The energy and mass balance of Los Angeles County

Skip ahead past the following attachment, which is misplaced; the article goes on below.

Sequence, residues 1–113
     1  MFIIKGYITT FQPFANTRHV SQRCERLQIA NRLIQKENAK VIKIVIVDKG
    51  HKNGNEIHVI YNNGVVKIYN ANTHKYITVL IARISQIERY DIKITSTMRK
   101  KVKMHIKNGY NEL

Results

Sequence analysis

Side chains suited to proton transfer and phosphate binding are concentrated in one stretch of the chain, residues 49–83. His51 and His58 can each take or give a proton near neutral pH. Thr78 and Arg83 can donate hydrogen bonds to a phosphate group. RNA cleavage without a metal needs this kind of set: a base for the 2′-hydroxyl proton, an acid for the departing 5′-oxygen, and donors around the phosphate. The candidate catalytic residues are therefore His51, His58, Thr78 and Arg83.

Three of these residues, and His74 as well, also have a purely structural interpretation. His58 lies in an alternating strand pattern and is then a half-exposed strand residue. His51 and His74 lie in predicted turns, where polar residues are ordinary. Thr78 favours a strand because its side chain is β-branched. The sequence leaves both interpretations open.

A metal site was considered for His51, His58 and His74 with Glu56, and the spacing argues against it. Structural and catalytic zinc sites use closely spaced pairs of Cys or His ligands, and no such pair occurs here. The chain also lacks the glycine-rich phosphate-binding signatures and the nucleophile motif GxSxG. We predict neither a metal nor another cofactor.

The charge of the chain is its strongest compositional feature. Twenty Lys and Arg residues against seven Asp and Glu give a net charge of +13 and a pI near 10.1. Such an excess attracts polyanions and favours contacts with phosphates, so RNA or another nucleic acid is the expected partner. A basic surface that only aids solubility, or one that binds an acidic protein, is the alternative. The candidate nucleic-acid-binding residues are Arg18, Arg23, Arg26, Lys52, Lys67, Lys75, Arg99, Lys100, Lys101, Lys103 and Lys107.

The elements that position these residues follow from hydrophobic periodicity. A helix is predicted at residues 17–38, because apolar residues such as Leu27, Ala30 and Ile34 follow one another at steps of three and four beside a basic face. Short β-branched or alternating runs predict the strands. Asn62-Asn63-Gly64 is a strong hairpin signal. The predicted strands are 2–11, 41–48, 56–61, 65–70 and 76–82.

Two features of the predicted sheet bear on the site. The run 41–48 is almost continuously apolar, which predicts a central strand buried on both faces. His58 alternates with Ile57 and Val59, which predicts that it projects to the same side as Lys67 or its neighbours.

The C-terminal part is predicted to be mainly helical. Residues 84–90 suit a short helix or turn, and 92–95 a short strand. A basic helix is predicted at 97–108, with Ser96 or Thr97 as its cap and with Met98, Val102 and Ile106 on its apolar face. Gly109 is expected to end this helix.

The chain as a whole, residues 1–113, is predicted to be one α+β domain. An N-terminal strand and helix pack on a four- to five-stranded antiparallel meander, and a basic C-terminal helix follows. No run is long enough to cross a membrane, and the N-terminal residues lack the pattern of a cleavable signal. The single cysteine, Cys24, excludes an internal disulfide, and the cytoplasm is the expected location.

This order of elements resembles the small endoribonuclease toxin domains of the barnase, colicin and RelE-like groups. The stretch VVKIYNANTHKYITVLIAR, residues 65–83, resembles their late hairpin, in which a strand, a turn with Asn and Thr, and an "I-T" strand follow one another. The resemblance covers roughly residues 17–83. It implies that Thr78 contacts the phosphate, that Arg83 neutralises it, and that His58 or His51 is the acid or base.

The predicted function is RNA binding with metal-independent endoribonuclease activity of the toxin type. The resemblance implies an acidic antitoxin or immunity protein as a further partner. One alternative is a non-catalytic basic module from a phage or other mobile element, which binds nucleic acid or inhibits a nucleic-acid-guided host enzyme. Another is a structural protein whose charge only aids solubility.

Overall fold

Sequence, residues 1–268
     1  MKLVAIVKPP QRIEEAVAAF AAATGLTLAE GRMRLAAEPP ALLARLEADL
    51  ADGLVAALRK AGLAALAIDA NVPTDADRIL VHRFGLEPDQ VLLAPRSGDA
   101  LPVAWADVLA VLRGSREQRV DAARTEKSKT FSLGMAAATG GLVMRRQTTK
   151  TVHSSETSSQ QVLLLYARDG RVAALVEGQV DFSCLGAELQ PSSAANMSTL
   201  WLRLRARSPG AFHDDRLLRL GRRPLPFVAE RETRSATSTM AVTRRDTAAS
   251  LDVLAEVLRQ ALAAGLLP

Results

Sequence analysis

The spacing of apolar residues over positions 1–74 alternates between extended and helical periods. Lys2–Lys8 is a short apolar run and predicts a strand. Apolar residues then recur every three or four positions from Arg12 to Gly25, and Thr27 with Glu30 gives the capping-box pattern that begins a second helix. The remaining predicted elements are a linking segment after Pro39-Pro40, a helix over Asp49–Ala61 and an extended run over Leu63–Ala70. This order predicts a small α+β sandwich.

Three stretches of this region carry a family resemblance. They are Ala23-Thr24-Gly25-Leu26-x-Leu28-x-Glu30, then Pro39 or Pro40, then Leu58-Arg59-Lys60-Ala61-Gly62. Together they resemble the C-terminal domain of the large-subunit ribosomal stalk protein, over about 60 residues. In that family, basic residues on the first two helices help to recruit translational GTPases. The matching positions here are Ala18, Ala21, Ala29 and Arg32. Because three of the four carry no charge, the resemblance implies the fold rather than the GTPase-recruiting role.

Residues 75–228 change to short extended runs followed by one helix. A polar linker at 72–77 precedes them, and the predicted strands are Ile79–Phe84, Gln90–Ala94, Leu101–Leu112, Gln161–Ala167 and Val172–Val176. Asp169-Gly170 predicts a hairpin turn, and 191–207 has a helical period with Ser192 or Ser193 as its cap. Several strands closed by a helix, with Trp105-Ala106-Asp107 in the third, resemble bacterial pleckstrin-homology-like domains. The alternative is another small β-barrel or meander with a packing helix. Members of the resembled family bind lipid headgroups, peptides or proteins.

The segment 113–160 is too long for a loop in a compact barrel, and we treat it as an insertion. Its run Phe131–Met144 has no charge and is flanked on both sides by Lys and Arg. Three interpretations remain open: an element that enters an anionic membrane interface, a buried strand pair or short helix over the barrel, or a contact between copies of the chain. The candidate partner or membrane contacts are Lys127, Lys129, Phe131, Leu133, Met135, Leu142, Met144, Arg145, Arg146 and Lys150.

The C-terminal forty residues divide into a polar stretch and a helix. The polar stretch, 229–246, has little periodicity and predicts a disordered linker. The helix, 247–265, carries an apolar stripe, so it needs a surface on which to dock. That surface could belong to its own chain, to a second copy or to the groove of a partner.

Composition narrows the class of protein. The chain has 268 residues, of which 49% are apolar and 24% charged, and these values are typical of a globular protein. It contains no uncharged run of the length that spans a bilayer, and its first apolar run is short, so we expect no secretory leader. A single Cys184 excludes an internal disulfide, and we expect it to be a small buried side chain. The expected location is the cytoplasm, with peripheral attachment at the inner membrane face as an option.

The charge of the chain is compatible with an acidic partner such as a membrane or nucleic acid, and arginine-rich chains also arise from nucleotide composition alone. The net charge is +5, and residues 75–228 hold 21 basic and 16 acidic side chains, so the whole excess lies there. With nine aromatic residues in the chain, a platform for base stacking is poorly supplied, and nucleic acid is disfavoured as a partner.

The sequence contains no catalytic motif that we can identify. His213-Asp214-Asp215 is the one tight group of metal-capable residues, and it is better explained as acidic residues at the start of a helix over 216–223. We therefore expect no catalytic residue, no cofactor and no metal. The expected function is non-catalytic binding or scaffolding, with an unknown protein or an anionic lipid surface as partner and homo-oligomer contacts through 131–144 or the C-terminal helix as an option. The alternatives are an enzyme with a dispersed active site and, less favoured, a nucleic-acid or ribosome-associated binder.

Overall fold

We conducted an urban “metabolic” study of inputs and outputs of food, water, energy, and pollutants from Los Angeles County, USA. This region has been the subject of recent debate about the nature of population density and distribution as it relates to urban form and associated environmental impacts. We found that with the exception of food imports and wastewater outputs, inputs of resources and outputs of pollutants generally declined on a per capita basis from 1990 to 2000. Reductions likely reflected a combination of changes in public policy, improvements in technology and public infrastructure, and impacts of increases in population density. However, in comparison to other municipalities and urban regions, resource consumption per capita was still relatively high in some categories, particularly inputs of water and transportation energy. Per capita greenhouse gas emissions were lower in Los Angeles County than for the average of the USA as a whole but higher than previous analyses of urban areas internationally, largely due to comparatively high emissions from the transportation sector. Wastewater discharge accounted for less than 40% of water inputs excluding precipitation; however the partitioning of water outputs through other potential losses, specifically evapotranspiration, runoff, and groundwater recharge, remains highly uncertain. We suggest that more detailed information about water losses will greatly improve future mass and energy accounting for analyses of urban environmental sustainability in this semi-arid region.